Everything is bigger in Texas, a reality even the golfing world cannot escape.

But for the No. 5 UCLA men’s golf team, the 36-hole Aggie Invitational was much anticipated, as the Bruins’ trip to the Lone Star State marked the conclusion of nearly a month without team competition.

In spite of a strong final round, UCLA left Bryan, Texas tied for fifth place with host Texas A&M.

“I feel like we’re so close on so many different fronts. We just have to continue to work and make sure that we continue to progress,” said coach Derek Freeman. “Anytime you take a long time off, you’re going to have some rust, and I definitely think we had some rust. But these guys have played a lot of tournament golf in their lives, so taking a couple of weeks off shouldn’t have hurt them too badly.”

Despite the time off, senior Pontus Widegren was unwilling to blame that as the reason for the team’s performance over the weekend.

“I felt a little bit nervous if anything. Most of the nerves came from being excited to have the opportunity to play tournament golf again. I’d had two weeks off from golf but I wouldn’t really say it was rust, it was just poor execution, really,” Widegren said.

Senior Pedro Figueiredo was a bright spot for the Bruins. The Portugal native continued his strong campaign with a team-best score of 214 (-2).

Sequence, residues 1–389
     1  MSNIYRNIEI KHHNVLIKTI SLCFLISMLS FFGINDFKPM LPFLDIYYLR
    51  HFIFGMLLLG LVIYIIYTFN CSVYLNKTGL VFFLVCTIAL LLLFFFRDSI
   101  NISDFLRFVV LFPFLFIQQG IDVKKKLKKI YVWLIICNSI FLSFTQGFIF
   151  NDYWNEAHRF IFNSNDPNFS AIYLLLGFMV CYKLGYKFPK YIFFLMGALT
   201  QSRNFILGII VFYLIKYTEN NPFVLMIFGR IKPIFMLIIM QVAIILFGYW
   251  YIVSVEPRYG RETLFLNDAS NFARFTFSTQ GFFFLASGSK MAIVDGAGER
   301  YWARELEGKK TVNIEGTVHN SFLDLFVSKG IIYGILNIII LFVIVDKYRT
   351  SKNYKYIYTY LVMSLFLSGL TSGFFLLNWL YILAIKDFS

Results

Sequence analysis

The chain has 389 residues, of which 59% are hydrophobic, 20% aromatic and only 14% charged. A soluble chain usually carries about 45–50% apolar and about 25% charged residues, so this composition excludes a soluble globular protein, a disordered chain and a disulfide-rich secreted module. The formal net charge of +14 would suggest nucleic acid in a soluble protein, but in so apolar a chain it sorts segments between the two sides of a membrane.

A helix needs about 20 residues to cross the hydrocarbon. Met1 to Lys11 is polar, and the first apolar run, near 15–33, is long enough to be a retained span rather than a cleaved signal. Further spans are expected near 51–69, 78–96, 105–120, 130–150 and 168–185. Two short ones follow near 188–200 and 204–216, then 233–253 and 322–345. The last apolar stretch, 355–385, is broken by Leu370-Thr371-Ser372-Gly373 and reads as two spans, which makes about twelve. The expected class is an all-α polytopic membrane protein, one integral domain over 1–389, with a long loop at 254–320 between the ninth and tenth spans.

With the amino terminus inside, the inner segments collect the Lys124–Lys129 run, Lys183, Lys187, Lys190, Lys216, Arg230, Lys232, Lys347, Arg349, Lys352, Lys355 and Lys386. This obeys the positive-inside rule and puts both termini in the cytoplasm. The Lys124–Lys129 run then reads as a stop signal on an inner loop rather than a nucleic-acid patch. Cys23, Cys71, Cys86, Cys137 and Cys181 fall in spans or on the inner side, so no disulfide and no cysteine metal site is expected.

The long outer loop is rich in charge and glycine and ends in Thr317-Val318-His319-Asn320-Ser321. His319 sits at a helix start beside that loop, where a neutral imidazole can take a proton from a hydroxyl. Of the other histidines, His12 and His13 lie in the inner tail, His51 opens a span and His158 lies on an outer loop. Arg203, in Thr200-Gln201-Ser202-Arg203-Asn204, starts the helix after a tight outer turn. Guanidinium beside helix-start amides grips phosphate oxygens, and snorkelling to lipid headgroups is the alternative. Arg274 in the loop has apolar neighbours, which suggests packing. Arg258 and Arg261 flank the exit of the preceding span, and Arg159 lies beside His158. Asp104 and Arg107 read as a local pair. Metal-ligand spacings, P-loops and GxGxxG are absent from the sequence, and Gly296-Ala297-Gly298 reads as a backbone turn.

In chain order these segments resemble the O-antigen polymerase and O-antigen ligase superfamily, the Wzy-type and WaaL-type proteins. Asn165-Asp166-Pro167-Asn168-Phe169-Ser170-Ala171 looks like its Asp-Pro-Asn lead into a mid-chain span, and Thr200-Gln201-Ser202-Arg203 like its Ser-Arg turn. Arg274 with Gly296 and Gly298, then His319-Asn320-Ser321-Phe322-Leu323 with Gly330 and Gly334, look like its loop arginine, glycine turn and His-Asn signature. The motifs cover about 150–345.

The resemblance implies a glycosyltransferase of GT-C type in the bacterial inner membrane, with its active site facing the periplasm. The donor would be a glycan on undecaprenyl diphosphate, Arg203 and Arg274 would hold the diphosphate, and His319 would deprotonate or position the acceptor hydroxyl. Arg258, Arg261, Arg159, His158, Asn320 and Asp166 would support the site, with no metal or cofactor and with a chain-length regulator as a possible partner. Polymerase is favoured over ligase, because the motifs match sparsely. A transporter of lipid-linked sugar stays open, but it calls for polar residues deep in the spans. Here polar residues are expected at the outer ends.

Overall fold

As was the case during Figueiredo’s first-place finish at The Prestige, the wind was a factor this past weekend, ideal circumstances for someone with substantial European golfing experience.

“My game suits the wind. I have a pretty low ball flight and I used to play in the wind a lot back in Europe. I played a lot in England, Scotland and Ireland; places where the wind really blows. So you get used to playing with it,” Figueiredo said.

Apart from the elements, UCLA was forced to contend with the rigors of a 36-hole tournament, a task that required nearly 12 hours spent on the green.

“Patience is key for me, especially when playing 36 holes,” Widegren said. “It’s been a while since we’ve had a 36-hole tournament but we’ve got two of them coming up so it was a good experience for me … going through all of the emotions you feel during the course of 12 hours on the course.”

This time, the Bruins won’t have to wait a month to compete again as a team. This weekend, the Bruins will face their second 36-hole challenge, as they prepare to travel to Santa Cruz, Calif. to compete in the Western Intercollegiate tournament. Such events present both physical and mental challenges for a golfer with limited room for error, issues that Freeman wants to emphasize in coming weeks.

“More than anything we have to help our guys not get flustered and impatient when things aren’t going well. When you’re not hitting the ball well, not hitting it close, you just have to understand that over time we’re going to overcome all of those things,” Freeman said. “I need to do a better job of making sure our guys really understand that and believe in that when they’re not pressing.”